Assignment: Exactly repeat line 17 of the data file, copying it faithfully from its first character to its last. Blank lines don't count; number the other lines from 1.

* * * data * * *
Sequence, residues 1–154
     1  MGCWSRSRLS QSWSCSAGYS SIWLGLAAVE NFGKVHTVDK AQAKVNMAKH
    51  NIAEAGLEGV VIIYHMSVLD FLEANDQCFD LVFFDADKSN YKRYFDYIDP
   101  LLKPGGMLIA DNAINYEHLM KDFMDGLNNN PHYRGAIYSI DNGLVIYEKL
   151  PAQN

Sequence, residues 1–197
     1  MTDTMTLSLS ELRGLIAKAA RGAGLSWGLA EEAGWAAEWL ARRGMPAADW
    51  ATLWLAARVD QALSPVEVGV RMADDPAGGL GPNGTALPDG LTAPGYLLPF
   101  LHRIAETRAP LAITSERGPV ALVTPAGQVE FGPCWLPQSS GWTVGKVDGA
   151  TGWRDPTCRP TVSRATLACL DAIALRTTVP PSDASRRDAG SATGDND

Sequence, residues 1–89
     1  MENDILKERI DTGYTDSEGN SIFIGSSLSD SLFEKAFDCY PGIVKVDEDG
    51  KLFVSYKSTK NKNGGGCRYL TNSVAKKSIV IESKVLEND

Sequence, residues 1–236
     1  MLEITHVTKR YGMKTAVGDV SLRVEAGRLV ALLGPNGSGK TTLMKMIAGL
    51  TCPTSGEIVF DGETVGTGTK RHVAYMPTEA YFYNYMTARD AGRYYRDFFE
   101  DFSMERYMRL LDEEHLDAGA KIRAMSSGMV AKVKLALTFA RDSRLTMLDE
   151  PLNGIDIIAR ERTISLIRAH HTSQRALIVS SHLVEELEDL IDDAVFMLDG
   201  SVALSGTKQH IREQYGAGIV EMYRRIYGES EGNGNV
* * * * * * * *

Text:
   101  DFSMERYMRL LDEEHLDAGA KIRAMSSGMV AKVKLALTFA RDSRLTMLDE